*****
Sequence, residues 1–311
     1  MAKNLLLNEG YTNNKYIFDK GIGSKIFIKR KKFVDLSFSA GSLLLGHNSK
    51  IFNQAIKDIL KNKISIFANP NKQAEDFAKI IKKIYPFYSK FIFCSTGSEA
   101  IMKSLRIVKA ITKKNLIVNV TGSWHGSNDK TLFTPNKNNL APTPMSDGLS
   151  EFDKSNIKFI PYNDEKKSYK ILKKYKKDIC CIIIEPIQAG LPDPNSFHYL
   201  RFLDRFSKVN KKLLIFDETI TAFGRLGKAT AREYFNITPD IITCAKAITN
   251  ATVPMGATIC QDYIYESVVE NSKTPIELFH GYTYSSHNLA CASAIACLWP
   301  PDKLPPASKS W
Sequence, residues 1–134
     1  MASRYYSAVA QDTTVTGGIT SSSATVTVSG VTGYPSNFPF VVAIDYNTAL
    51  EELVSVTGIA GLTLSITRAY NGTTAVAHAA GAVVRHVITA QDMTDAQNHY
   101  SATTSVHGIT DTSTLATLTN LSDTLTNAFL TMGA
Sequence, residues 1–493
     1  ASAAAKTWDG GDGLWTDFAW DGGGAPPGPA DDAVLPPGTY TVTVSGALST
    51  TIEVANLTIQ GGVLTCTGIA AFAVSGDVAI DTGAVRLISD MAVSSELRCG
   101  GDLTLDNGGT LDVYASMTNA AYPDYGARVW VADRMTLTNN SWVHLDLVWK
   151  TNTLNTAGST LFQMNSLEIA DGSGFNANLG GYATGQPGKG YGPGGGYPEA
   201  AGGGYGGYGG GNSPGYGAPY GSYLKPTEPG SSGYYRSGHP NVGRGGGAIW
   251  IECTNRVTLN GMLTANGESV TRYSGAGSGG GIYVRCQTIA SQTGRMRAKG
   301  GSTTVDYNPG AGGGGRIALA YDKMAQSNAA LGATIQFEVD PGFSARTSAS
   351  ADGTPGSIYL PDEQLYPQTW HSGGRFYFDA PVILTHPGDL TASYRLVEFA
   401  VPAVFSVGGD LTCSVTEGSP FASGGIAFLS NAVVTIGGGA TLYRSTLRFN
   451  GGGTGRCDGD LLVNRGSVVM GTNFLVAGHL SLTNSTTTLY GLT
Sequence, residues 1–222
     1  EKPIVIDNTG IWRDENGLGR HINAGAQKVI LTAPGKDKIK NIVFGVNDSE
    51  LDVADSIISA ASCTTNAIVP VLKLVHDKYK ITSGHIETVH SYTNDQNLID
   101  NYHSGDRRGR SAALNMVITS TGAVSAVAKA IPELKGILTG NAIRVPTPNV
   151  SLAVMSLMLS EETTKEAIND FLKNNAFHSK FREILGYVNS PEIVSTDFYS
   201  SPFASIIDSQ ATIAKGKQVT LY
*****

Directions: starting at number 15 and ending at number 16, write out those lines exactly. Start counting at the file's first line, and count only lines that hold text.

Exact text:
    51  TIEVANLTIQ GGVLTCTGIA AFAVSGDVAI DTGAVRLISD MAVSSELRCG
   101  GDLTLDNGGT LDVYASMTNA AYPDYGARVW VADRMTLTNN SWVHLDLVWK